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A forensic tool for police officers and crime scene investigators for finding and documenting relevant fingerprints at a crime scene

  • IMPRNT - A Forensic Tool for the Police and Crime Scene Investigators

  • The video illustrates the problem and explains the designed solution

    The video illustrates the problem and explains the designed solution

  • The current context of the fingerprinting process

  • The basic working of the concept and its benefits

  • Victims sharing their fingerprints at the crime scene

  • The technology clustered in the upgradable and replaceable lens module

What it does

Multiple fingerprints are present at a crime scene, most of which might be irrelevant. IMPRNT helps investigators pinpoint relevant fingerprints reducing the amount of evidence needed to be processed, leading to quicker investigation processing times.

Your inspiration

During the research, I found that traditional fingerprinting requires investigators to perform tedious tasks like dusting prints, mixing casting material multiple times, and carefully lifting prints without errors while juggling various analogue tools simultaneously. The lifted print is then attached to a documentation card that is filled manually with details about the case and the print. I believed that digital documentation could introduce a new workflow that would eliminate the dependency on all physical elements and the need to transport evidence from scene to lab, making the forensic investigation process relatively more sustainable.

How it works

01: Gather references - With an in-built fingerprint scanner, IMPRNT empowers victims to share their fingerprints at the crime scene voluntarily. The collected fingerprints are securely stored within the device and are deleted once the on-site examination is complete. 02: Detect the right prints - The investigators can then utilise IMPRNT’s multi-spectral illumination capabilities to examine latent fingerprints on objects and surfaces. The device performs a real-time comparison between the fingerprint under observation and those collected from the victims, which facilitates the investigators in efficiently pinpointing unidentified prints, which may be crucial to the investigation. 03: Document & share digitally - These relevant fingerprints can be digitally documented on the device on a 1:1 scale. Digital documentation enables contactless fingerprinting, thereby reducing the chances of errors while collecting prints resulting in high-quality forensic evidence.

Design process

The project started with field research in collaboration with the Swedish Police Authority and the Police Education Unit at my university. Hearing the on-site experiences of investigators highlighted the fact that the victims of the crime scene also need careful consideration in the design process for it to be genuinely Human-centric. Sharing fingerprints is a sensitive topic, especially at a crime scene where the victims might assume that they are the ones being incriminated. I made many foam models, which I tested with the general public to understand the semantics of such a device to develop a non-threatening form. Parallelly I hosted multiple feedback sessions with the crime scene investigation department at the local police station to understand the practical aspects of the design, such as human factors, preferred size and orientation of components for product packaging, and user behavior to determine additional features. One of the design decisions from this process was integrating the fingerprint scanner with the screen, which made the print collection process transparent, as both victims and investigators could see the screen simultaneously. To convey the concept story effectively, I made a prototype with UV lights which can highlight fingerprints on surfaces like glass.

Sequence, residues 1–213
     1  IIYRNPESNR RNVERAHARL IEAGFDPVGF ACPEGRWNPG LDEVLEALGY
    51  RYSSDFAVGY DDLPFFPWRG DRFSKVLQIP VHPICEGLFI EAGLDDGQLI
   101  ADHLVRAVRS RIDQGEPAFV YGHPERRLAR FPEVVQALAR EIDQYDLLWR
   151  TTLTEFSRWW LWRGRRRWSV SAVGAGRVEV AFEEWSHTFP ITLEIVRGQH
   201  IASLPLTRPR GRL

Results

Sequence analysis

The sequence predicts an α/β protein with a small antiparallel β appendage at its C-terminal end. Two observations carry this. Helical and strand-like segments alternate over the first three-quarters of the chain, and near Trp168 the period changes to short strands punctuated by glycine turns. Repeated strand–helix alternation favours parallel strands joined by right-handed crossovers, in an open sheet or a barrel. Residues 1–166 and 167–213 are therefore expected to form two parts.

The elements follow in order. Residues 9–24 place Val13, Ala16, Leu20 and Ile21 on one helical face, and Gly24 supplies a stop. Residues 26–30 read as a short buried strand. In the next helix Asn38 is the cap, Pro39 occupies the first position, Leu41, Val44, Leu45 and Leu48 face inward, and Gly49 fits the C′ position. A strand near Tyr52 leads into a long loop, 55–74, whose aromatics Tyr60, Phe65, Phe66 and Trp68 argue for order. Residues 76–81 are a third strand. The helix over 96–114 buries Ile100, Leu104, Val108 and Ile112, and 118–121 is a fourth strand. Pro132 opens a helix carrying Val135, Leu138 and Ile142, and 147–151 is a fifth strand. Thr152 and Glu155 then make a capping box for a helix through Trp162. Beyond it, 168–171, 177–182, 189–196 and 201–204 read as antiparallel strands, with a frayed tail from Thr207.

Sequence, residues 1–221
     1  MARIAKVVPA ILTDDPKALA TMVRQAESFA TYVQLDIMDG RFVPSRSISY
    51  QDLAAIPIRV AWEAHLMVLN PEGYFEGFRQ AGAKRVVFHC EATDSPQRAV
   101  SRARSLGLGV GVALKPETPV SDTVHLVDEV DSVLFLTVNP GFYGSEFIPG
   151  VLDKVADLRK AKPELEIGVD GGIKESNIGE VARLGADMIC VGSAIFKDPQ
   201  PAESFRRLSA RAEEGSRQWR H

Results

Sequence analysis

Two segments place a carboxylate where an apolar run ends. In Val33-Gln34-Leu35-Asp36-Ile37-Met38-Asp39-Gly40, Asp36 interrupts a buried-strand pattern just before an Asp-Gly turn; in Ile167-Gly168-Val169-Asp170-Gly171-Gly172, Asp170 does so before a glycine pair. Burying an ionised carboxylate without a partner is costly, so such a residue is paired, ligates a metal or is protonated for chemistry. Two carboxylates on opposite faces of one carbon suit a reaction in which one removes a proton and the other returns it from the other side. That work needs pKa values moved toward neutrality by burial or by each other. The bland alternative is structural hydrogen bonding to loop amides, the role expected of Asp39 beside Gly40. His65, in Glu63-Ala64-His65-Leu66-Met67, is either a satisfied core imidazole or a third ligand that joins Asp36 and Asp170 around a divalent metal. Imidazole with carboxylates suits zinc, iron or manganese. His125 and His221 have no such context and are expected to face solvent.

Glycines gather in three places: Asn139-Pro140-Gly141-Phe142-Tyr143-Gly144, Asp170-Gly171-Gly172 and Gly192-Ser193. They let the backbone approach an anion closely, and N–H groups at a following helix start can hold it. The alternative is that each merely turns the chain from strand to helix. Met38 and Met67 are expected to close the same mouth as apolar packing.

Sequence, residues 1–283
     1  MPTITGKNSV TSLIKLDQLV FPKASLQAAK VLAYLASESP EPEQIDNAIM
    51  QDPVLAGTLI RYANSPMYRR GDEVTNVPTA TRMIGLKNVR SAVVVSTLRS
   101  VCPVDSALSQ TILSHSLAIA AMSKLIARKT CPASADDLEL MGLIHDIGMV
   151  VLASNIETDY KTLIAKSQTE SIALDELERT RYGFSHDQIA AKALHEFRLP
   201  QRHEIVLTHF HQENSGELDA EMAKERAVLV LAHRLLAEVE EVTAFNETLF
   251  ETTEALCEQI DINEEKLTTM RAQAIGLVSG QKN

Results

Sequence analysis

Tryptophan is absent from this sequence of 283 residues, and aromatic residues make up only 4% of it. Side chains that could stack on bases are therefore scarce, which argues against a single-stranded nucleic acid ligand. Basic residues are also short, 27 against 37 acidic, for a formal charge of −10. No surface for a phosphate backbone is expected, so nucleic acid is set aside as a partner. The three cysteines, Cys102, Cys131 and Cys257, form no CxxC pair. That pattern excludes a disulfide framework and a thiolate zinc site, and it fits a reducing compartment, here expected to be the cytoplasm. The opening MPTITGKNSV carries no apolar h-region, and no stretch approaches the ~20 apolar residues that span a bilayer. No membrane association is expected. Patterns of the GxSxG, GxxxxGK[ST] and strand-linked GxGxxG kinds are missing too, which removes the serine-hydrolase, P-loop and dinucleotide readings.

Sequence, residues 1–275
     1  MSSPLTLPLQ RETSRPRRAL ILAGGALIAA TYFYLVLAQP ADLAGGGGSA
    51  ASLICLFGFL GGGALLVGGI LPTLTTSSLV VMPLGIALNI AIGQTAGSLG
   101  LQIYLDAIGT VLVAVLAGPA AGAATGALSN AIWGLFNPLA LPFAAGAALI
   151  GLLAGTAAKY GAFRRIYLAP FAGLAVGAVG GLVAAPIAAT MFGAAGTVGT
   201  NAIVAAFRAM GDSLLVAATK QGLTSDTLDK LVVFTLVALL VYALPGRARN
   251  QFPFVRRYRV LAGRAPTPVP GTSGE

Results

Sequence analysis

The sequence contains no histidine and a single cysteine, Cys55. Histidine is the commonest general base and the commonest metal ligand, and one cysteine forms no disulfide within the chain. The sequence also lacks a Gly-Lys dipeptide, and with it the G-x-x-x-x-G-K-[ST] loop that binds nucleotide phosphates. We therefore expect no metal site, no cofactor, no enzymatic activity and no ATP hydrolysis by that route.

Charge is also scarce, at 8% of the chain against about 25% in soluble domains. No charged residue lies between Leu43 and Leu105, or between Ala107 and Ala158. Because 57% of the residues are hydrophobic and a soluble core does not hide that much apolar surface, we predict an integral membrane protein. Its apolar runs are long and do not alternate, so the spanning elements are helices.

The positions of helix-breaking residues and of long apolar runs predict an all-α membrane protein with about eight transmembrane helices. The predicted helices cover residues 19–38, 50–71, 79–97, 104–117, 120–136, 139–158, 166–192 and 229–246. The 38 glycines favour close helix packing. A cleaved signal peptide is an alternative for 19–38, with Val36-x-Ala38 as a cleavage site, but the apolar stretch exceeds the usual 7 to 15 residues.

How it is different

As IMPRNT adds to on-site analysis prowess, the evidence volume which has to be processed by forensic labs reduces greatly as irrelevant forms of evidence like double-documentations and evidence belonging to the victims are already weeded out. It saves time for on-site personnel and accelerates the investigation process involving forensic centre analysts, leading to faster processing times for law enforcement systems. IMPRNT proves to be a time-saving and resource-optimising solution which is lucrative to law enforcement agencies around the globe. IMPRNT is designed with upgradeability in mind to adapt to changing technologies. The lens module, which hosts the multispectral imaging system, has a provisional space for upgrades. With time, the entire lens module, holding the high-tech components, can be replaced with advancing technology. These factors ensure the longevity and relevancy of the product, making it a logical investment for law enforcement agencies.

Future plans

IMPRNT was shared at this year's Europol Innovation Lab conference in Stockholm by my program director. Following this and the news of the recent Core77 award wins have generated interest in individuals curious about the project's current status. Therefore I am assured about the value IMPRNT would add to forensics, and I am determined to take this concept forward, explore its full potential and make it a reality. Traditional processes can be reimagined by adapting to advancing technologies to get maximum and unexplored benefits. The prize from the James Dyson Award would help me find collaborators to start developing a functional prototype.


Student Winner in Emerging Technologies category in the Core77 Design Awards 2023, Student Notable in Commercial Equipment category in the Core77 Design Awards 2023, Student Finalist in IDEA 2023 (Results tbd)

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